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Harlem vs. Columbia University

Black Student Power in the Late 1960s

Stefan M. Bradley

Publication Year: 2009

In 1968-69, Columbia University became the site for a collision of American social movements. Black Power, student power, antiwar, New Left, and Civil Rights movements all clashed with local and state politics when an alliance of black students and residents of Harlem and Morningside Heights openly protested the school's ill-conceived plan to build a large, private gymnasium in the small green park that separates the elite university from Harlem. Railing against the university's expansion policy, protesters occupied administration buildings and met violent opposition from both fellow students and the police._x000B__x000B_In this dynamic book, Stefan M. Bradley describes the impact of Black Power ideology on the Students' Afro-American Society (SAS) at Columbia. While white students--led by Mark Rudd and Students for a Democratic Society (SDS)--sought to radicalize the student body and restructure the university, black students focused on stopping the construction of the gym in Morningside Park. Through separate, militant action, black students and the black community stood up to the power of an Ivy League institution and stopped it from trampling over its relatively poor and powerless neighbors. Bradley also compares the events at Columbia with similar events at Harvard, Cornell, Yale, and the University of Pennsylvania.

Published by: University of Illinois Press

Title Page

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Copyright Page

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Prologue

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pp. vii-ix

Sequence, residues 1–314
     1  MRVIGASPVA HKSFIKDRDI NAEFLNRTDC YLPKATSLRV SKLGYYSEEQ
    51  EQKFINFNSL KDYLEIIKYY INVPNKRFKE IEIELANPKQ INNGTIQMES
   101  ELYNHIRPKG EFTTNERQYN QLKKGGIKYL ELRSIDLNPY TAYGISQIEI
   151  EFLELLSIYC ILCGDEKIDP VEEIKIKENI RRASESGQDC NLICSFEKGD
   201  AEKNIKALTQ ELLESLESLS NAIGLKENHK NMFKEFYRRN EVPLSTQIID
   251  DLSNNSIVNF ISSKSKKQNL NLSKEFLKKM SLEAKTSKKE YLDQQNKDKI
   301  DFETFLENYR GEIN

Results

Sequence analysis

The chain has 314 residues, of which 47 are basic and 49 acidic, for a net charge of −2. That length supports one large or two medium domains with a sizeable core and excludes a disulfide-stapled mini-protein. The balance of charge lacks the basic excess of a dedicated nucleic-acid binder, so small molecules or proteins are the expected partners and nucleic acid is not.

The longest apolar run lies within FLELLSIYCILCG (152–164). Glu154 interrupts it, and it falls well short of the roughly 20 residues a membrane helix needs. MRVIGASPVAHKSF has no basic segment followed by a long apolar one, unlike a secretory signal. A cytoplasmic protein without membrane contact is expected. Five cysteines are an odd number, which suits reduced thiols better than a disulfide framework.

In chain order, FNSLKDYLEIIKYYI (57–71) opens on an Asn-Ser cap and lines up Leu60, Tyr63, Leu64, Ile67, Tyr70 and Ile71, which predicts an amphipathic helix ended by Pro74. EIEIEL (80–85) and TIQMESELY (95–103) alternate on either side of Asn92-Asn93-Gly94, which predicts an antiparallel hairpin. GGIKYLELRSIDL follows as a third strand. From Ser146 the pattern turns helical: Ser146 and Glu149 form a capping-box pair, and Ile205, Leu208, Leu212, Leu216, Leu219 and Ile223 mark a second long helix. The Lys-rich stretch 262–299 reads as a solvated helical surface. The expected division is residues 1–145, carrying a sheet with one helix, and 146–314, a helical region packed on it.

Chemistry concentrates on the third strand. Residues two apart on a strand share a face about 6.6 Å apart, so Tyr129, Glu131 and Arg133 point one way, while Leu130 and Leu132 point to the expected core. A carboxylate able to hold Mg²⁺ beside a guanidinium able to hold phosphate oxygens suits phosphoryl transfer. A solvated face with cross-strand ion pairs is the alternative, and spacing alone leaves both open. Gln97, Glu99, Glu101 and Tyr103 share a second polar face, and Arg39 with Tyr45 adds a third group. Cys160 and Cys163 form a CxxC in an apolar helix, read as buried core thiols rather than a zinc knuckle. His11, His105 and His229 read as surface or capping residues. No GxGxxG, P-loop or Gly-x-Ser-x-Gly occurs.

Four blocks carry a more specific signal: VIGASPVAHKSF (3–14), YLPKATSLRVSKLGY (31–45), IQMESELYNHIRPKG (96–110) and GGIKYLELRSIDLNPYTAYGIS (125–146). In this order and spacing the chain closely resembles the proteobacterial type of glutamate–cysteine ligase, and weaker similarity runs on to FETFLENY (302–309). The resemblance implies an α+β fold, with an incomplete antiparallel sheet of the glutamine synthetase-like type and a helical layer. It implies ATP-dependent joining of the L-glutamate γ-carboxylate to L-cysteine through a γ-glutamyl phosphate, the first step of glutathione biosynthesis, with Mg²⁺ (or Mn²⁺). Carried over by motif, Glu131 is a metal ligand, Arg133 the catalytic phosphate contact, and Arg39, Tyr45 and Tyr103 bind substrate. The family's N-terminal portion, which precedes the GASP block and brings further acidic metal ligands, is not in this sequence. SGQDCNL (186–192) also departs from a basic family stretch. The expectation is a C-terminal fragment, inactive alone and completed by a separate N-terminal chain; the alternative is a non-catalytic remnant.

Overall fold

Years ago, an archivist asked me what attracted me to a topic that was very much New York local history. She tactfully noted that I had not attended an Ivy League university and that I certainly was not from New York (I talked painfully slow for many of the New Yorkers I ran across). I explained...

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Introduction

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pp. 1-19

Race and power are two key elements in the narrative of American history, and they are even more important to the story of Columbia University’s student revolt that started in April 1968 and continued into the fall of 1969. The predominantly white Ivy League school, in the Morningside Heights...

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1. Why I Hate You: Community Resentment of Columbia

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pp. 20-38

The debate over what to do about the possibility of further institutional expansion highlights the competition that occurred between the city, the university, and the local Harlem and Morningside Heights communities for space. The role of city officials is also important to the background of the...

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2. Gym Crow: Recreational Segregation in Morningside Park

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pp. 39-62

Part of Columbia’s and the city’s plans for redevelopment (and expansion in Columbia’s case) included Morningside Park. To some people in the 1960s, the park meant “the only place you could go to get mugged,” but to others, who lived near and used the park, it represented a piece of...

Image Plates

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3. Up against the Wall: Columbia's Integrated Protest Effort

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pp. 63-73

“Up against the wall, motherfucker, this is a stick-up,” white SDS organizer Mark Rudd wrote on April 22, 1968, in a circulated letter to Columbia University President Kirk in hopes of inciting student protest. Rudd’s sentence comes from Leroi Jones’s (Amiri Baraka’s) poem...